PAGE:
The best CV
Your CV is all about you and your life… so make sure it shows you at your best!
As well as application forms, CVs (Curriculum Vitae) show employers your skills, qualities, education and experience.
Application forms vs CVs
The main difference between the two is that application forms have a set structure designed by a company, which takes you through a series of questions about your life to date, whereas a CV is a personal document that you can, to a certain extent, plan yourself.
Additionally, CVs are often used by people who are applying speculatively for vacancies – they are asking employers if any jobs might exist that match their skills. Instead of waiting for the perfect job to be advertised in the newspaper or online, they target specific companies or organisations and send off their CV in the hope that something might come up for which they could be suitable.
These top tips should help put you on the right path:
- Always prepare a draft first so you can check what you have written and make changes, if necessary.
- Try to aim for one side of A4 or two at the absolute most.
- Enclose a covering letter to explain what job you are applying for as there might be more than one on offer.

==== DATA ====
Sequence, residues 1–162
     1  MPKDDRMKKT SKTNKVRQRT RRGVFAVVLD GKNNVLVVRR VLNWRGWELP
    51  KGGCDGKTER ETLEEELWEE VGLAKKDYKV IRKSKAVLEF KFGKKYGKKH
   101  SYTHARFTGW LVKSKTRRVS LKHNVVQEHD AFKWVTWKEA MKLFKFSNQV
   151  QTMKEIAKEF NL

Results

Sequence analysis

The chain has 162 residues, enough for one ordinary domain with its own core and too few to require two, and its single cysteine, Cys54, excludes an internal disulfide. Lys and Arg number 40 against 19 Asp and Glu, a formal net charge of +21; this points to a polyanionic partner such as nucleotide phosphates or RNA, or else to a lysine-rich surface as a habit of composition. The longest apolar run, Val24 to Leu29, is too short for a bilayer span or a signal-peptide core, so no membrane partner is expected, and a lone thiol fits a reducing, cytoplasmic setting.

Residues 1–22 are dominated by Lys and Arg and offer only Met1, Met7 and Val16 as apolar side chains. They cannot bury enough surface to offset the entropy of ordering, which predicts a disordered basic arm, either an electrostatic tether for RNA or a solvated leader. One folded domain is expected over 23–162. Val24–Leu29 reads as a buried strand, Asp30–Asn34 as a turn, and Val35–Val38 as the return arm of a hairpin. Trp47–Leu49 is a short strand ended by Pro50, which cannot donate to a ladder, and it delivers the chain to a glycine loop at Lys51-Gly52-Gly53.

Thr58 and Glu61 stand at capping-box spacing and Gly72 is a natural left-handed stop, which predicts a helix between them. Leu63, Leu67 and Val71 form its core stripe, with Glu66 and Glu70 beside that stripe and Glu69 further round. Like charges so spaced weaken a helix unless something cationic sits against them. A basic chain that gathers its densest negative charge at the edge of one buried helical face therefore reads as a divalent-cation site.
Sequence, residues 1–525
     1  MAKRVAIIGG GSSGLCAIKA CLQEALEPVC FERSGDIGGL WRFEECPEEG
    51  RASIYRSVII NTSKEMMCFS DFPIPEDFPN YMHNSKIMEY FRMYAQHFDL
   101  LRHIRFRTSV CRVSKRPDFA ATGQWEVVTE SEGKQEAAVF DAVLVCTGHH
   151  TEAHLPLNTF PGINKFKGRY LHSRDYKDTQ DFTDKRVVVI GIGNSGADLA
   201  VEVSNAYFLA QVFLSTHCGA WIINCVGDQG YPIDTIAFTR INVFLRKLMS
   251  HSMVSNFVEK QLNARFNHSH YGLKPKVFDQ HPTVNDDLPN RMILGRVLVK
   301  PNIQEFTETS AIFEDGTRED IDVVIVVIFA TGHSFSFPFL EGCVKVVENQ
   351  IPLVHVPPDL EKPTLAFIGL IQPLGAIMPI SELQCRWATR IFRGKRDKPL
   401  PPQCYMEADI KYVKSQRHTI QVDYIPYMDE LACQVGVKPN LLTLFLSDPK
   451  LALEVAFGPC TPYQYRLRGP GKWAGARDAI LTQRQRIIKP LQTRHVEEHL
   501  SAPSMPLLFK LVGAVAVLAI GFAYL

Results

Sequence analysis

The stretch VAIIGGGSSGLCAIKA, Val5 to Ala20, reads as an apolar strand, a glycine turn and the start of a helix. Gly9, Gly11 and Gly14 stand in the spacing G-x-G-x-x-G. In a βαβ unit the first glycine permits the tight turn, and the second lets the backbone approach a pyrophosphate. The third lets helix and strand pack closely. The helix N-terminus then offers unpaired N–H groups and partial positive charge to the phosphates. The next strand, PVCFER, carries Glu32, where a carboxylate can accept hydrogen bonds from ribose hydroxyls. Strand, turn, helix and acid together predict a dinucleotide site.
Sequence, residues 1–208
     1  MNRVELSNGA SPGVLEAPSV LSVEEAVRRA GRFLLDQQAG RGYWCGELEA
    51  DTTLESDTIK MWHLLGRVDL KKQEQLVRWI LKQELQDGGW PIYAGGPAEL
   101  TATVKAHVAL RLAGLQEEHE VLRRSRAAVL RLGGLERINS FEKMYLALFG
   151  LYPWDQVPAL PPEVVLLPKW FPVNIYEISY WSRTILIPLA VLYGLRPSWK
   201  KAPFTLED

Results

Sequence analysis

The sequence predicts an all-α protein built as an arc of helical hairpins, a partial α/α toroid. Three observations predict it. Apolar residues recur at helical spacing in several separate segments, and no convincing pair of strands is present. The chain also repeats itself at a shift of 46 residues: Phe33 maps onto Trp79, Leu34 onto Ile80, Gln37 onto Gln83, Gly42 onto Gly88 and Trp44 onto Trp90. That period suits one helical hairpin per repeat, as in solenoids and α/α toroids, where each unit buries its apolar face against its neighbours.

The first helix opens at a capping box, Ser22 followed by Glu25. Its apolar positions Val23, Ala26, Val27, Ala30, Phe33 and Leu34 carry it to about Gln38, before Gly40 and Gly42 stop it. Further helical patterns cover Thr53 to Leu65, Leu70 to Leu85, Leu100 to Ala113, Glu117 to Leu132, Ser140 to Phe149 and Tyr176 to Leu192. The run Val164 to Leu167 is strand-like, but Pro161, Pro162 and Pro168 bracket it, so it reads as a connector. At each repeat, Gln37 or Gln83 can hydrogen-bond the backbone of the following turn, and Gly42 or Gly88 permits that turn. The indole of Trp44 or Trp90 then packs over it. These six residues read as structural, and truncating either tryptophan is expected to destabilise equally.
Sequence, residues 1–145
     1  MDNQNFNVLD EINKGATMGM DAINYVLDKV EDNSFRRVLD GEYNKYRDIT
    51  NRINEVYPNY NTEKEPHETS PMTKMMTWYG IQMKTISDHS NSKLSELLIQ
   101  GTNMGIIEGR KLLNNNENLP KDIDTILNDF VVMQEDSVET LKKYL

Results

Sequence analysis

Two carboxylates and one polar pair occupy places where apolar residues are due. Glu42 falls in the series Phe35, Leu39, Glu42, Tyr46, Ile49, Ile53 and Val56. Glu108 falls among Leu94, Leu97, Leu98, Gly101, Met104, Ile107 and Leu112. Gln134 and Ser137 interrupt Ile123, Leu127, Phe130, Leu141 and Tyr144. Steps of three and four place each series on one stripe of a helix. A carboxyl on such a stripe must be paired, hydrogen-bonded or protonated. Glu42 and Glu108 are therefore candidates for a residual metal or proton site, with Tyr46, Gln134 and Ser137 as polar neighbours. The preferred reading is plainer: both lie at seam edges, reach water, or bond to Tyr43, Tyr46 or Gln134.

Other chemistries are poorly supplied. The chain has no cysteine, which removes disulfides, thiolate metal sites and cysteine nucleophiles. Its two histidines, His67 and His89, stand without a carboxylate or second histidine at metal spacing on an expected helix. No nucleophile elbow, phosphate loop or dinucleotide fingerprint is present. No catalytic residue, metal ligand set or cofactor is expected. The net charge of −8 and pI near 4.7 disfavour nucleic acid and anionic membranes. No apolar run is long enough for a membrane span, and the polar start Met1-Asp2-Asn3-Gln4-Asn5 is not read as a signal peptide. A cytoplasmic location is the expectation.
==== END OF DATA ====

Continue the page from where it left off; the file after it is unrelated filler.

- Presentation is key – always use good-quality white paper and produce it on the computer. Don’t handwrite it!
- Use an easy-to-read font and size – Times New Roman and Arial, size 11 or 12 – are the best.
- Include only the most relevant information on your CV. They don’t need your life history!
- Target your CV – many people fire off the same CV and covering letter to lots of different companies, hoping that one or more will be successful. Employers can spot a blanket application a mile off and won’t be impressed.
- Most employers accept CVs and covering letters by post – check to see who to send it to.
- If you do have to print your CV, do so onto A4 paper and enclose it, together with your covering letter, in an A4 envelope so you don’t need to fold it when you send it.